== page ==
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Iron ore prices to fall on new supply, weakening demand


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Iron ore prices to fall on new supply, weakening demand

Iron ore prices are expected to face downward pressure this year, as about 60 million tonnes of new production will enter the market and coincide with the end of inventory restocking at Chinese steel mills, according to Daniel Meng, a senior analyst with CLSA Materials Research.

Meng told S&P Global Market Intelligence on the sidelines of Mines and Money Asia in Hong Kong on April 5 that the ramp-up of the Roy Hill iron ore project in Western Australia and Vale SA's Serra Sul operations in Brazil will together result in new supply of about 60 million tonnes this year.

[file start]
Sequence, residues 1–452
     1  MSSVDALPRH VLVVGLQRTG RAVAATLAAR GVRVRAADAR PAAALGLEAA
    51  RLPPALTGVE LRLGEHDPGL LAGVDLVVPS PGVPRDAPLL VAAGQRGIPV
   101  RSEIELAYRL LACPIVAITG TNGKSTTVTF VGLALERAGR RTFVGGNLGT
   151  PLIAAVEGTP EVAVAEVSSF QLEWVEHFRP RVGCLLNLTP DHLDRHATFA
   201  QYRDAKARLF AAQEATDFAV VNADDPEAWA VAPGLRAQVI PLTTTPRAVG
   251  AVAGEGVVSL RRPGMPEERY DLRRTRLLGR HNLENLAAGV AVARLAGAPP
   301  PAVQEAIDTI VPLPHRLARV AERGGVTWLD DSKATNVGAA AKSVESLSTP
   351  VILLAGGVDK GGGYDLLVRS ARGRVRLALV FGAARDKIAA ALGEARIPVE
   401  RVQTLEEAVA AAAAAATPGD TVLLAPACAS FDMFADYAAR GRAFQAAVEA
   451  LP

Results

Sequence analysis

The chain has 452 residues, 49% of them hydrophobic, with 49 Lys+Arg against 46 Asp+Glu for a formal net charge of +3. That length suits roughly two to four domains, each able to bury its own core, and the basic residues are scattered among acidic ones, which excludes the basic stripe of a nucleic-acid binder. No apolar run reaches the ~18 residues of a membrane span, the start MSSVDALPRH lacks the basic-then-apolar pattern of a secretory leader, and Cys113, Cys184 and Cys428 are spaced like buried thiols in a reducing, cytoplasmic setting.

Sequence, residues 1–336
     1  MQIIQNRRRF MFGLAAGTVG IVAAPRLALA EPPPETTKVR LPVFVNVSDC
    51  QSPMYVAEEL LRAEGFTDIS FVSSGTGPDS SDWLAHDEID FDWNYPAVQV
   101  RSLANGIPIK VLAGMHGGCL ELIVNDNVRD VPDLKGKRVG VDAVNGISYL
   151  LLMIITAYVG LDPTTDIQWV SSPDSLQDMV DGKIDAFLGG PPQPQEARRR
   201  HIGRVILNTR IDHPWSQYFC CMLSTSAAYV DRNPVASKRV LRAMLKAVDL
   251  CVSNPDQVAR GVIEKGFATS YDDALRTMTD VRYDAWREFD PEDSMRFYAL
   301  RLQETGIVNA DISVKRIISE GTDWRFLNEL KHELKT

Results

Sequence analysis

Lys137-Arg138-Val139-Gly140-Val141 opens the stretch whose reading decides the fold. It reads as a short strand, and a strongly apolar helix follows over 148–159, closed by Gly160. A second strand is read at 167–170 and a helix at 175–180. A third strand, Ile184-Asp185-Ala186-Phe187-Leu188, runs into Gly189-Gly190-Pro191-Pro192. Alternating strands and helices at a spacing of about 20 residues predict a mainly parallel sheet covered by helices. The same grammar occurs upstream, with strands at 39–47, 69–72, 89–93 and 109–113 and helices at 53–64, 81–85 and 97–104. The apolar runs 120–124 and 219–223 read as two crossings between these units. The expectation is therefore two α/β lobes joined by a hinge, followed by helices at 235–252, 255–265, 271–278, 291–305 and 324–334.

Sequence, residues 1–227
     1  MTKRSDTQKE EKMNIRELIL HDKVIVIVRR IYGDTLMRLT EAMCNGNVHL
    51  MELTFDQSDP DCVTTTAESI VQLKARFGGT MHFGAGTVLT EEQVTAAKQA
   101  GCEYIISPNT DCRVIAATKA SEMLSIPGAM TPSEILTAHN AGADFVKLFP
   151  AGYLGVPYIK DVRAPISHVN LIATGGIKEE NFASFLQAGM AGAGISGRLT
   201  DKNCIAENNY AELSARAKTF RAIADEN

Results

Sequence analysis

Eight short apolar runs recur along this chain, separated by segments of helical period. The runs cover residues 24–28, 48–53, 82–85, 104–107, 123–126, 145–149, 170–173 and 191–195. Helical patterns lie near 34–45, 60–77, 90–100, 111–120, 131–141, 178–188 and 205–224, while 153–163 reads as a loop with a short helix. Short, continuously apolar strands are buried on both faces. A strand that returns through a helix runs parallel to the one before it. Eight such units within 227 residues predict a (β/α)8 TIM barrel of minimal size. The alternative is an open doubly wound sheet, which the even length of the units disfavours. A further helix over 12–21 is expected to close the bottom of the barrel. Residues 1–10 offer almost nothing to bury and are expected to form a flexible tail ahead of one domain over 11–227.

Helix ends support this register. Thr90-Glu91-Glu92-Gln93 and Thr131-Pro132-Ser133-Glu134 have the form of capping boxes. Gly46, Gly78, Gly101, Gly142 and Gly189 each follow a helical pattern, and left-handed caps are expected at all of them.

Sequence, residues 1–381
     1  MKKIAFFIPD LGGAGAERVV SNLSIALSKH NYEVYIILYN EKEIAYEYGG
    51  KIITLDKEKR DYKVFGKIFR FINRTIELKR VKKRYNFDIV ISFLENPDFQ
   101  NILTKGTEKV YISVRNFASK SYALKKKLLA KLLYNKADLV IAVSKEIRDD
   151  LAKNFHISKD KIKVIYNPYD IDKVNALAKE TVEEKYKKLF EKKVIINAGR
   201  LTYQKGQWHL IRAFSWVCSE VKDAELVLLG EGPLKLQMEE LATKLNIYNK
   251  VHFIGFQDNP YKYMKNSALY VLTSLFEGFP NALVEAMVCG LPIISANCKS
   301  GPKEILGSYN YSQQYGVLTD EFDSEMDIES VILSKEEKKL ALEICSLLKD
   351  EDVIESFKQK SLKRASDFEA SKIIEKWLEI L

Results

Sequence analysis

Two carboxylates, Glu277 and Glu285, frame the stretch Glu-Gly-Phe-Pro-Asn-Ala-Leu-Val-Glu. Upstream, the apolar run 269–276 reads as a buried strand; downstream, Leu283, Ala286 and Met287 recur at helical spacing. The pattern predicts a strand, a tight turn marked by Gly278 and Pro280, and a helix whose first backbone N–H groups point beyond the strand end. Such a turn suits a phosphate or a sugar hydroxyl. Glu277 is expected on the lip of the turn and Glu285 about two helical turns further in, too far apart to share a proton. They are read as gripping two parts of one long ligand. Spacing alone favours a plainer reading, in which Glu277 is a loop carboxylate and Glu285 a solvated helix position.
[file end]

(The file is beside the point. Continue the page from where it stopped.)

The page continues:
"We expect iron ore prices to fall to around US$60 per tonne by the end of this year," he said, adding that iron ore majors will still enjoy healthy margins at this price level.

On the demand side, Meng noted that the restocking cycle among Chinese steel mills is coming to an end, and destocking may begin soon.

"Last year prices were largely supported by the restocking cycle in China, which is coming to an end now," he said, adding that the industry will come back to supply-demand balance this year.

Meanwhile, Addison Dai, assistant vice president with DBS Vickers, was more bullish toward prices, pointing to China's dependence on seaborne iron ore.

"China's reliance on imported iron ores increased to 85% last year, so China is the price taker in the iron ore market," Dai said during a presentation at the conference.

She added that limited supply from domestic iron ore producers will also support prices, though there is worry in the market that they will increase output significantly following the price rally.

"Based on our study of [Chinese iron ore producers'] cost curves, unless price can stay stable at the level of above US$80 per tonne, domestic production will not increase significantly," Dai said.